Taking Action Against Drunk Drivers Act – S. 51
The Obama administration’s Priority Enforcement Program for people illegally in the country does not require federal immigration officials to detain immigrants who are arrested for drunk driving even if it results in injury or death. Grassley reintroduced legislation today requiring federal immigration authorities to take action against undocumented immigrants arrested for driving under the influence. Specifically the bill:
Prohibits the release from federal custody of undocumented immigrants held for DUI or DWI offenses;
Makes immigrants with three DUI/DWI convictions inadmissible to and removable from the country; and
Makes three DUI/DWI convictions an aggravated felony under the Immigration and Naturalization Act, allowing for expedited removal, precluding eligibility for certain benefits and permanently barring legal admission into the country.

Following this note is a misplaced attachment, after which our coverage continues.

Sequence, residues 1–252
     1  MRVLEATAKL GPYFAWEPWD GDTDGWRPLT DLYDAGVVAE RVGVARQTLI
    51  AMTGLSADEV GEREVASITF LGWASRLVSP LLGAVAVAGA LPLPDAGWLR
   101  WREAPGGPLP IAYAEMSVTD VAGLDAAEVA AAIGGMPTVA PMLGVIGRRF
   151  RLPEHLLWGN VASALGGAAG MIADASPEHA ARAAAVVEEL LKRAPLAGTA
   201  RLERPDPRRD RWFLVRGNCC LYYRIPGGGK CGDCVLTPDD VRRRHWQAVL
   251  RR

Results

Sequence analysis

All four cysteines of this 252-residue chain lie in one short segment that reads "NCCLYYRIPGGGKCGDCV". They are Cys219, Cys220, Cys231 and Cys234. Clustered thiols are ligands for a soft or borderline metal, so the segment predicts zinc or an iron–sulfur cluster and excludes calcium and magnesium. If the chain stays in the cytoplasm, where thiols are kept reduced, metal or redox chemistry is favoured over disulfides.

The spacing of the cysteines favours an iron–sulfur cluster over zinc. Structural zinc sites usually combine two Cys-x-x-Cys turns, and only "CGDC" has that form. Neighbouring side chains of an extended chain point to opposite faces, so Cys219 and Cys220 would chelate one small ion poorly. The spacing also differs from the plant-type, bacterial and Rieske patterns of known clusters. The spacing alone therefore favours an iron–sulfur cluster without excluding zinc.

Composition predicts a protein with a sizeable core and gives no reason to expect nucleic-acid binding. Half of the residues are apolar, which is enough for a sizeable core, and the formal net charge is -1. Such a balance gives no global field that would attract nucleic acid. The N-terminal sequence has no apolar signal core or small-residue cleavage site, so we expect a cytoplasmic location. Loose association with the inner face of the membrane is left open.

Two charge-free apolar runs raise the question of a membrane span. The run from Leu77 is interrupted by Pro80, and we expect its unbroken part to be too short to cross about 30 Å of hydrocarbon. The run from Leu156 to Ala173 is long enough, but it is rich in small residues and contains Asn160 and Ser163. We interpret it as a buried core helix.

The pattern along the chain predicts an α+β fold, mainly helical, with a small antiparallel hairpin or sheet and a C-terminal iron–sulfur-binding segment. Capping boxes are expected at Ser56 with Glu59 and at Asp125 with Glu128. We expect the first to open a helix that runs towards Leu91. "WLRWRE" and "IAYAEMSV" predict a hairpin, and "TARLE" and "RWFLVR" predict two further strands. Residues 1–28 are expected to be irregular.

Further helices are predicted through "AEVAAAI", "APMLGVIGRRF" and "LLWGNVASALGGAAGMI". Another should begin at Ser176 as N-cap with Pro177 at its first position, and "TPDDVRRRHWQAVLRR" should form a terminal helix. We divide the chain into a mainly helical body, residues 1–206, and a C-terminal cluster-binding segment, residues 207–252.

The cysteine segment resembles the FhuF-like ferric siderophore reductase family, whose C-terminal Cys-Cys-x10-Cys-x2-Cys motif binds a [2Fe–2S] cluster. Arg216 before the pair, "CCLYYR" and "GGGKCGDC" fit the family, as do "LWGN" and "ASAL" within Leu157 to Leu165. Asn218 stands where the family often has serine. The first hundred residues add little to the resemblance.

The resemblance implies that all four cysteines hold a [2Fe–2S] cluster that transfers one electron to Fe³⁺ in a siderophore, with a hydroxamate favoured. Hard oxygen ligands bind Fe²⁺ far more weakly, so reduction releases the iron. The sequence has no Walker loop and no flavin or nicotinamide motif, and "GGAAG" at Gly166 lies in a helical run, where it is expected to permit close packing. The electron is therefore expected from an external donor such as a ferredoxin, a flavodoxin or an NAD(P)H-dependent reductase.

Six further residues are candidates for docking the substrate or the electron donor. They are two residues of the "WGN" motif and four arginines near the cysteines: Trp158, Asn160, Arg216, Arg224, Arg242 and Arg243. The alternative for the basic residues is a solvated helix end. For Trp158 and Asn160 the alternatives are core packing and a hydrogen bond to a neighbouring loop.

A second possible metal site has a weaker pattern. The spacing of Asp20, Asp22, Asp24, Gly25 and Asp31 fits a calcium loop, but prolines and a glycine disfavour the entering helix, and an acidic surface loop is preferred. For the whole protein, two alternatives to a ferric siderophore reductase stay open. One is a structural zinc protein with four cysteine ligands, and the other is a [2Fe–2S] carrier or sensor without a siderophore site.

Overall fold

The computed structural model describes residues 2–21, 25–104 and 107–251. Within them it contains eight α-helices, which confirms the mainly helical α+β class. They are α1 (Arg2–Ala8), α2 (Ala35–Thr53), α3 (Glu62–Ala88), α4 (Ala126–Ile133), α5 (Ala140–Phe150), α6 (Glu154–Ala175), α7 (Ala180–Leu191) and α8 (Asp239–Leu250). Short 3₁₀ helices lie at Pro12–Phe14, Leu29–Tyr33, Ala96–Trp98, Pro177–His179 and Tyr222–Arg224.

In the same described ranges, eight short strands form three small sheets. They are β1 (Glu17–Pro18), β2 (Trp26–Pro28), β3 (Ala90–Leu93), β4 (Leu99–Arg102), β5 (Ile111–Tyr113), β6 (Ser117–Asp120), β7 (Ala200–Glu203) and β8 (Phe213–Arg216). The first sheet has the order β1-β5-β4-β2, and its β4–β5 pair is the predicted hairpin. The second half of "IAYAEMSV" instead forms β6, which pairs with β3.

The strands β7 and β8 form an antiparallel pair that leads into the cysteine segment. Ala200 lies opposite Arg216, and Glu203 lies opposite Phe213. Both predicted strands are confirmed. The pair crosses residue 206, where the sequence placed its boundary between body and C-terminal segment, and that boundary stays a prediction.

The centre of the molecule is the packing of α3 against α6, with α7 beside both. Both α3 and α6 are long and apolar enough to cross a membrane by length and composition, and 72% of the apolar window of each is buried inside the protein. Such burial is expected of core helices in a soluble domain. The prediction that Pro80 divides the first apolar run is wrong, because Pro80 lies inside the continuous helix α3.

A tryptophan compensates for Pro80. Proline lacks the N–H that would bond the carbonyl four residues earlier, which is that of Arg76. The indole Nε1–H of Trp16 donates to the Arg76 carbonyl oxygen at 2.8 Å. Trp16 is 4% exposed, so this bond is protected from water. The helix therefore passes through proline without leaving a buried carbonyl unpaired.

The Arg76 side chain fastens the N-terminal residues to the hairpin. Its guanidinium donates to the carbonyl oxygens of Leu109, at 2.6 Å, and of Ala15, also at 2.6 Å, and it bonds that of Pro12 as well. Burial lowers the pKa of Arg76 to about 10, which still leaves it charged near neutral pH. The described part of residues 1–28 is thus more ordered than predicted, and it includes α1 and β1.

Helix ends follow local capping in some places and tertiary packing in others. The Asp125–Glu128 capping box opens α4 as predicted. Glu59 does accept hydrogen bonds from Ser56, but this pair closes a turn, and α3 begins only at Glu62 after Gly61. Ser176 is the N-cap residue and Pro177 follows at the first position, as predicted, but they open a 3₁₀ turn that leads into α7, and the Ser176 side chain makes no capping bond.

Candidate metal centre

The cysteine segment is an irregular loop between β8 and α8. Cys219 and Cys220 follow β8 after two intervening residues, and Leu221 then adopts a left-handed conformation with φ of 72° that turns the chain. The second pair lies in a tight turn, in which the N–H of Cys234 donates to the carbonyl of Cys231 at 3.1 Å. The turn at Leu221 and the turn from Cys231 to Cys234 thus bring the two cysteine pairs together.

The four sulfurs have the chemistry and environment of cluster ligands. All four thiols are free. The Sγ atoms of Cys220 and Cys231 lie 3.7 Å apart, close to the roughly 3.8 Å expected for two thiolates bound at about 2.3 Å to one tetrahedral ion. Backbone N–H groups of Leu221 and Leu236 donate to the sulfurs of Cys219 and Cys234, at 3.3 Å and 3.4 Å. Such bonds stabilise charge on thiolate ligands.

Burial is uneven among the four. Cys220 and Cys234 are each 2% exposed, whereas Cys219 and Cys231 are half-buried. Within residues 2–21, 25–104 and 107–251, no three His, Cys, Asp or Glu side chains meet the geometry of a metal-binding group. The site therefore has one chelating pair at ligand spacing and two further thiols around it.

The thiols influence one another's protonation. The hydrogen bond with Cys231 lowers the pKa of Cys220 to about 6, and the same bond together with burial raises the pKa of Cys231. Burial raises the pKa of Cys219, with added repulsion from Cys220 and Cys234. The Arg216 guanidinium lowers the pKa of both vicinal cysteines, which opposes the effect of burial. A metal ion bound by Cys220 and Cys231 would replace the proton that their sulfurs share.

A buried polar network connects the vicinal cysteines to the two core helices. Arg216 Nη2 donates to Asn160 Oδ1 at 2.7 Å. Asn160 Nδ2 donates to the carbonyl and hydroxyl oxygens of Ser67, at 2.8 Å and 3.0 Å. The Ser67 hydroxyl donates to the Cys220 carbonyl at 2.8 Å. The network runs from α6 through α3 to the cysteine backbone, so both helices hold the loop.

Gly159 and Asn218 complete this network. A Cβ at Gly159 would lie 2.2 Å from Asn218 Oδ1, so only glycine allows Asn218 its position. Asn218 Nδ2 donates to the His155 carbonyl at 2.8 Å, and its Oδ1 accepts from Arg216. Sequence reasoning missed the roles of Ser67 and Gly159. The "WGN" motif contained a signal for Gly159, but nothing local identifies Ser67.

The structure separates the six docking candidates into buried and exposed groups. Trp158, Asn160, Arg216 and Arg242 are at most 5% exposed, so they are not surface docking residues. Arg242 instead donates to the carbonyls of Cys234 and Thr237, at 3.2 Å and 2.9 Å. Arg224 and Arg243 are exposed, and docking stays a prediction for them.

Grassley first introduced the bill last year following several tragedies
involving immigrants who were arrested for drunk driving, including one incident that claimed the life of 21-year-old Iowan Sarah Root. More recently, an immigrant with prior drunk driving arrests struck and killed a Kansas deputy sheriff, prompting an inquiry
from Grassley and senators Jerry Moran and Pat Roberts.
Cosponsors of this bill include senators Joni Ernst (R-Iowa), Mitch McConnell (R-Ky.), Jerry Moran (R-Kan.), Pat Roberts (R-Kan.), Mike Lee (R-Utah), Ted Cruz (R-Texas), Rodger Wicker (R-Miss.), Jim Inhofe (R-Okla.), Richard Shelby (R-Ala.) and Orrin Hatch (R-Utah).
Bill making immigrants with criminal gang ties inadmissible and deportable – S. 52
While President Obama stated